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Translation For Start-Ups And Small Businesses: All You Need To Know


Being a small business does not limit you from doing what the big businesses do. Actually, not too many big businesses work on translating their content into different languages apart from the usual English, French and maybe Spanish. What works for them a good number of times is their name. Their long-term existence in the market and consistent quality has carved out a space for them in the international market so with little efforts, they rake in large sales. 

Translators have been on the block, longer than we can remember but how many small businesses visit them? How many small businesses even know the importance of having their content translated into other languages? Not too many. 

When we say translators, we do not mean Google Translate or the likes. We are talking about real human translators with a good knowledge of not less than two languages. This is not to diss AI but only humans truly understand the complexities of language. A good illustration of this is McDonald’s big mistake. When they landed with their Big Mac in France, it was translated to “Gros Mec” which reads “Big Pimp” in French. 

The small business community

The SBA Office of Advocacy explains that a small business is “a firm with fewer than 500 employees”. This means that a firm can be offering its services to over 20 cities and still be a small business. 

As at 2018, there was an estimate of 30.2 million small businesses in the United States employing a total of 58.2 million workers. This possibly serves as an explanation for the saying that “small business is the backbone of America”. The numbers keep going up every year and any small business owner who is armed with this knowledge would understand the need for translators.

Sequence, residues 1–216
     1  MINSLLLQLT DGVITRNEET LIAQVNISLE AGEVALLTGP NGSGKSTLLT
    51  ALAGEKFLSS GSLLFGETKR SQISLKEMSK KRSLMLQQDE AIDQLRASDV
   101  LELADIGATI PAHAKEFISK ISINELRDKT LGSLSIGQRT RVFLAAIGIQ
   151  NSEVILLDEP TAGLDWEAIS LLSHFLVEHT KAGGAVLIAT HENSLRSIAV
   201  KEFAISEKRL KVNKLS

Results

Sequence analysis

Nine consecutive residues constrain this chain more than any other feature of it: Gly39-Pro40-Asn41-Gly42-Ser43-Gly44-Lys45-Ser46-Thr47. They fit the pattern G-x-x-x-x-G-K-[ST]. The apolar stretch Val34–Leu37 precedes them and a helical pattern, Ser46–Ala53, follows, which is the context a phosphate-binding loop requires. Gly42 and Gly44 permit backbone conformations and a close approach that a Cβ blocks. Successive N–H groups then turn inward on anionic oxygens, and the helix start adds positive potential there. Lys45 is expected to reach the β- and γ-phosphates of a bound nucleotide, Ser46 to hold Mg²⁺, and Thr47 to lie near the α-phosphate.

Most small businesses, when they begin, target their immediate community. As they grow, they begin to extend their claws to other cities and only a few think of going global but even without establishing offices in other countries, a small business can have a steady customer base in foreign lands. 

Importance of Translation

For a small business looking forward to making waves, these are some of the reasons you should get a translator.

  • As explained earlier, getting your content translated into different languages exposes your brand to a wider audience.
  • A larger audience (and proper marketing strategies) comes with an increase in demand – which is exactly what your brand seeks. 
  • Having your content translated into foreign languages gives people the impression that you are ready to go global. Even if all your products have only been purchases by English-speaking countries, seeing a foreign language like Dutch would make them believe that you have started shipping off to the Netherlands.

How to Get a Good Translator

As is common with many other services, some translators are not worth your money. Any group of people with basic knowledge of a couple of foreign languages can set up an agency and begin to look for customers. Unsuspecting customers gladly patronize them only to get shabby content in return.